One of these sons, Asparukh moved to Bessarabia, a Turkish region in Eastern Europe before crossing the Danube and heading south. He conquered many Balkan lands. Constantine IV hoped to curb this invasion but was defeated by the Bulgars. It is at this point that Old Bulgaria came into being.
The search for old “Great Hungary” is not a modern one. Over the centuries many travelers and scientists have set off on the journey East. Many were attracted by the physical geography and the people.
The research has had a wide field. It has covered, art historians, linguists, ethnographers, and geographers. However, one of the first was a Friar.
Friar Julian was a Dominican monk which there is little known about before 1235. Historical sources indicate that he had become a member of the Dominican order under Paul of Hungary who had studied in Italy. Hungary was the Easternmost bastion of Western Christianity and because of this many missionaries were sent out to Christianize the Russian state and establish domination over the Volga and steppes.
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The first mission was led by Brother Otto in 1231 and found Hungarians living in the Eastern Steppes. This inspired Friar Julian to follow in 1235 with three companions. First, they headed to Constantinople before crossing the Black Sea.
They docked at present-day Taman and headed east before reaching the town of Torgika. Unfortunately, they were stranded for six months and could not find any Hungarians. Two of the four gave up. Julian and his companion Gerard continued the journey along the Volga. Julian was soon left alone as Gerard died. After nearly a year of searching, Julian found Magna Hungaria.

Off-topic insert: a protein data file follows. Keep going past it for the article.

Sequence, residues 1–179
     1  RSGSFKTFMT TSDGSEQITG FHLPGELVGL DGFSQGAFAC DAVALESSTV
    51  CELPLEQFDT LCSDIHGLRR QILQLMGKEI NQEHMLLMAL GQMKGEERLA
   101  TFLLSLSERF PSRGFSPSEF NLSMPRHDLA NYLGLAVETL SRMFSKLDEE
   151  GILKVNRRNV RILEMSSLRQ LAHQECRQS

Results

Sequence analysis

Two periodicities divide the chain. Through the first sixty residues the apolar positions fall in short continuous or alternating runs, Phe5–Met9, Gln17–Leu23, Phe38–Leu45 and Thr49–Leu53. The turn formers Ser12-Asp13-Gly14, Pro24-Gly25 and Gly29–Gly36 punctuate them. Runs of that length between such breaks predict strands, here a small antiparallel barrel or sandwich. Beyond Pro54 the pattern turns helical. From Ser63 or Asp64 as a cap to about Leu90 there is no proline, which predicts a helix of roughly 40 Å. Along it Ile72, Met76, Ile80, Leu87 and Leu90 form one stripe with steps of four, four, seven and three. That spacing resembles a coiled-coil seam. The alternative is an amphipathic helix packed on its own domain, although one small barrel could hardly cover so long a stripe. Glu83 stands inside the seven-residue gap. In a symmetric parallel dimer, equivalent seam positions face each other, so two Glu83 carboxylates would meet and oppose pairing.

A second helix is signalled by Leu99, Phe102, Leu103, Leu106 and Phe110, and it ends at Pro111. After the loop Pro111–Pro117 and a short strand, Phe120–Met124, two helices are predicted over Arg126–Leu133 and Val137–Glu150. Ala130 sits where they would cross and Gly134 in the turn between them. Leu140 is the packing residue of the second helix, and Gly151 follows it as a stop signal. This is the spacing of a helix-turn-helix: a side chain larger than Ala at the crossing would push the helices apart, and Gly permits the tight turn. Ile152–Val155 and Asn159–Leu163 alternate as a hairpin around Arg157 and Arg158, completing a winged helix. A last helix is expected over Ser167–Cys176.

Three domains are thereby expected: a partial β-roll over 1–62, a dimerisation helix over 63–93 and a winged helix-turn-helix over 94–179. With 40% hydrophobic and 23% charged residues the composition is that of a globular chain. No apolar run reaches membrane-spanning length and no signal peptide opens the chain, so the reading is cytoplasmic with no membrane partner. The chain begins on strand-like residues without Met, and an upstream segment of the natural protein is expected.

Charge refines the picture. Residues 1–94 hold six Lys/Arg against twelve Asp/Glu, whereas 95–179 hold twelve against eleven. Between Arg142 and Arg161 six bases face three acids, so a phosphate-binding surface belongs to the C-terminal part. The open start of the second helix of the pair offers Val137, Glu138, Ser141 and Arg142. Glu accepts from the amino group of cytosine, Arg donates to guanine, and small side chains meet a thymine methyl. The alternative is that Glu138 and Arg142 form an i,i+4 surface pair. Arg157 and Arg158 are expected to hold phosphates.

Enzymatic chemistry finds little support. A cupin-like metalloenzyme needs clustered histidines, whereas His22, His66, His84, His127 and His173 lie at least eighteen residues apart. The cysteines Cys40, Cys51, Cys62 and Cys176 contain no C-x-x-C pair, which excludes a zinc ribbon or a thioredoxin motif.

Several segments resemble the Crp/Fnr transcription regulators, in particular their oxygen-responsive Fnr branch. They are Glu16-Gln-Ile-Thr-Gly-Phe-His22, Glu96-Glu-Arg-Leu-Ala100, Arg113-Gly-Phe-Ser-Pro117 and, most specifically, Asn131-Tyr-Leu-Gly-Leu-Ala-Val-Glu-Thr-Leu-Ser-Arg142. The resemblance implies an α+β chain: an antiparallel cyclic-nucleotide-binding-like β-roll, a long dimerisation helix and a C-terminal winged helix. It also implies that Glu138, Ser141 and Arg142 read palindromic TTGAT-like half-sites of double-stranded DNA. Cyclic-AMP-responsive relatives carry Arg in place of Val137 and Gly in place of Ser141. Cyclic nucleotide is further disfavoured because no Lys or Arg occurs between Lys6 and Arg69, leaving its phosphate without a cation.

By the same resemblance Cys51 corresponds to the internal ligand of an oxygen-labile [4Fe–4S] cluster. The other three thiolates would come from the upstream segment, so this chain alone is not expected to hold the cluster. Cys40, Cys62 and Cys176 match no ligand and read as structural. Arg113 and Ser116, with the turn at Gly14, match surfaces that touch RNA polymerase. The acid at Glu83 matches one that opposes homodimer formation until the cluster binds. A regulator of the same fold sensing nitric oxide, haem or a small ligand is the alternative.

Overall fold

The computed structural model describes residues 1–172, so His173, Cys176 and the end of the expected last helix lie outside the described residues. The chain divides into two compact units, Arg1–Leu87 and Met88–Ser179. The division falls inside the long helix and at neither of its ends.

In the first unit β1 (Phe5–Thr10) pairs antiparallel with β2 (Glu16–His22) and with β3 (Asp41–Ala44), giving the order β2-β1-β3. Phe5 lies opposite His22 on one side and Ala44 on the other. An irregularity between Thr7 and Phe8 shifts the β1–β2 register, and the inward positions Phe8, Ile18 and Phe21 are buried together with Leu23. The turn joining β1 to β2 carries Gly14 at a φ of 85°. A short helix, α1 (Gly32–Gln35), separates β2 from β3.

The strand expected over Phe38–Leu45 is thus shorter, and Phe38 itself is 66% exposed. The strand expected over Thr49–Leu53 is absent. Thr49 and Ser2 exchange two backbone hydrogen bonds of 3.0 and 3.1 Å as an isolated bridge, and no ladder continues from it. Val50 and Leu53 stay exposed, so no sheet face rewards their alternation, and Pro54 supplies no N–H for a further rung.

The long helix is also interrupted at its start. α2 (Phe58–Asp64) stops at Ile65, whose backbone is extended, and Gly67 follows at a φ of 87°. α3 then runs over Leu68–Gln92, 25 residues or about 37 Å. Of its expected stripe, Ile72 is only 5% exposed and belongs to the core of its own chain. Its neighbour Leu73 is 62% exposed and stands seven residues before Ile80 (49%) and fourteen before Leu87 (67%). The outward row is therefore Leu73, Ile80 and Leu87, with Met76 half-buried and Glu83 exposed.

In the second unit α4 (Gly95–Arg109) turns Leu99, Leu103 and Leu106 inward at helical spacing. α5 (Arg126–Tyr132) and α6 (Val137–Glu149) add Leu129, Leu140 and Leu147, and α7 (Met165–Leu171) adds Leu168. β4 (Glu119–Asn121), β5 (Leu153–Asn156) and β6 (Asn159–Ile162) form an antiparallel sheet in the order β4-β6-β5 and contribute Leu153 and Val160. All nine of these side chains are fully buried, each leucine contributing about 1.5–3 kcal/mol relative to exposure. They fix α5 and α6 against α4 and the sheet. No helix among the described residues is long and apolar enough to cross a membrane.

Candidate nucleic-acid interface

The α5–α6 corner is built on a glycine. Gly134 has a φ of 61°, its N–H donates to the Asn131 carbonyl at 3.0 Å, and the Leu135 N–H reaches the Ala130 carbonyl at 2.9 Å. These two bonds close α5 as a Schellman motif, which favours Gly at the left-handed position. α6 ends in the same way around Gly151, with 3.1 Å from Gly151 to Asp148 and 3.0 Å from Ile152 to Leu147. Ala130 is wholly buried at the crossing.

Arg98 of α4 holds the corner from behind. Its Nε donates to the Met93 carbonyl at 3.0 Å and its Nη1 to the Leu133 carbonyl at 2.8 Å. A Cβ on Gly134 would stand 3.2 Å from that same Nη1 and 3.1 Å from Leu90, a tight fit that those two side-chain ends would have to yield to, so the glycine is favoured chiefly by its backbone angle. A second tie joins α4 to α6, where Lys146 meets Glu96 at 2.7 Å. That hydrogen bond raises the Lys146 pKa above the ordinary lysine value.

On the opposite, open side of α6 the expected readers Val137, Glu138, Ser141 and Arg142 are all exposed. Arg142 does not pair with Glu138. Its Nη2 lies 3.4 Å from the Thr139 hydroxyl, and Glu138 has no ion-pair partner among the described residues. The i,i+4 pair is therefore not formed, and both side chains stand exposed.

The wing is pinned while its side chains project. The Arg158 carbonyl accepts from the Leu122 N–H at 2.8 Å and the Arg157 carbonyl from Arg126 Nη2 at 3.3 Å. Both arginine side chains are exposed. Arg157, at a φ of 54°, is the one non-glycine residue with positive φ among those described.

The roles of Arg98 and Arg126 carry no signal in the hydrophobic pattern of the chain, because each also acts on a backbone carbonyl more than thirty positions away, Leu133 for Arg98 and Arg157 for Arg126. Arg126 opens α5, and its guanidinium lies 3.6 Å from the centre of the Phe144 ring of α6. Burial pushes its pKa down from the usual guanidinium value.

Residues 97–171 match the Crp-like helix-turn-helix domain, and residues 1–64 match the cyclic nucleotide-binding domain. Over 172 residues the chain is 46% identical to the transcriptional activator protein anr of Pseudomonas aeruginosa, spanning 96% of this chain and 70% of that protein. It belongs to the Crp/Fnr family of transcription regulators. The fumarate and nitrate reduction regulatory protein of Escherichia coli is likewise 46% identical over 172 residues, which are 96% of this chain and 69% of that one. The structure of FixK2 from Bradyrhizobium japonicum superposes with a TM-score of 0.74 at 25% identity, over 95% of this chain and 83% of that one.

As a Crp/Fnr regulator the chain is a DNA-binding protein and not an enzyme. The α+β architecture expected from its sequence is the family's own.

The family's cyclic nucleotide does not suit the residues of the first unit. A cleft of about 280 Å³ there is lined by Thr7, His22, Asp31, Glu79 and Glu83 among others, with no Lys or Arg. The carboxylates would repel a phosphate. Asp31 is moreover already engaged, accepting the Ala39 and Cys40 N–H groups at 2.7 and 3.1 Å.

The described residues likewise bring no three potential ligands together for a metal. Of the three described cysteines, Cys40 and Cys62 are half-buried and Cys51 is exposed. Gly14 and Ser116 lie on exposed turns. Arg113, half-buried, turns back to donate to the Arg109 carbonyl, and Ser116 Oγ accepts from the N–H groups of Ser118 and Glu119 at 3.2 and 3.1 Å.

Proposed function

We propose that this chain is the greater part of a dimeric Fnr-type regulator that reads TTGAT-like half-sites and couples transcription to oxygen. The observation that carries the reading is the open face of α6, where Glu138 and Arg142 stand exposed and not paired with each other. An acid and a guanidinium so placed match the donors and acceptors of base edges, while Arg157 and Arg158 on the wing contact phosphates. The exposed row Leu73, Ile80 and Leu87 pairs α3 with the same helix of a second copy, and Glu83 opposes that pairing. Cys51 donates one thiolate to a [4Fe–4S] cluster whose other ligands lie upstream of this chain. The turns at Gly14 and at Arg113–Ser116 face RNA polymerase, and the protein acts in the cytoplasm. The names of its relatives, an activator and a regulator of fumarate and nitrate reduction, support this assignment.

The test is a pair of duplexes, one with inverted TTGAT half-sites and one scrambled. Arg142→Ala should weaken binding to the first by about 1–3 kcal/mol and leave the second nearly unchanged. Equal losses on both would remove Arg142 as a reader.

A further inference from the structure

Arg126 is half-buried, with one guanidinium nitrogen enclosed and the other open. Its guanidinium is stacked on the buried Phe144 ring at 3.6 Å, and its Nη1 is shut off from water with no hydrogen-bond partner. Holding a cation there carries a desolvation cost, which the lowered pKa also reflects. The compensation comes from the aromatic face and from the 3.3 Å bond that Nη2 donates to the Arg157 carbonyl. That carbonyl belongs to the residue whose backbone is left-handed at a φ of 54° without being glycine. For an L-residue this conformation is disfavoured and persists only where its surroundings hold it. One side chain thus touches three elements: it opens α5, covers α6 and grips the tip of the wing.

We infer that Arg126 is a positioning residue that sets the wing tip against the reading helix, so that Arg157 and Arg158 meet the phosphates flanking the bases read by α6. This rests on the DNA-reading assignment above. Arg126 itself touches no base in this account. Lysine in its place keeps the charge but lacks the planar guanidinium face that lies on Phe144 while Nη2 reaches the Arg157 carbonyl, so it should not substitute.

Julian spent a month around Magna Hungaria where he studied the Hungarians and the political situation of the steppes. Julian’s first report was written by Riccardus and this was later discovered in the archives of the Vatican in 1695.
This record gave a detailed account of the life of a Hungarian in Magna Hungaria. It claimed that they practiced a pagan religion and lived a nomadic life. The Volga Hungarians were excellent warriors and were known for defeating the Tartars before entering an alliance with them and conquering several countries.
Julian recounted this to Rome and included information on an upcoming invasion that the Tartars were planning on the Holy Roman Empire and Europe. Friar Julian hoped to do another journey to Magna Hungaria but was unable to find the Hungarians. The Mongols had devastated the area the year before and so many of the inhabitants had fled or been murdered.
So, what of the traditions of the old, lost homelands of the Bulgarian and Hungarian people? Old Bulgaria is well attested, and the Bulgarian people’s history can be traced with a great degree of accuracy. But Magna Hungaria, and the origins of the Hungarian people, still await conclusive proof.
Top Image: Johannes Schöner’s terrestrial globe of 523-4 shows “Magna Hungaria” far to the east of modern-day Hungary, and outside Europe. Old Bulgaria was similarly far from modern Bulgaria, both peoples migrated to their new homes. Source: Johannes Schöner / Public Domain.
By Kurt Readman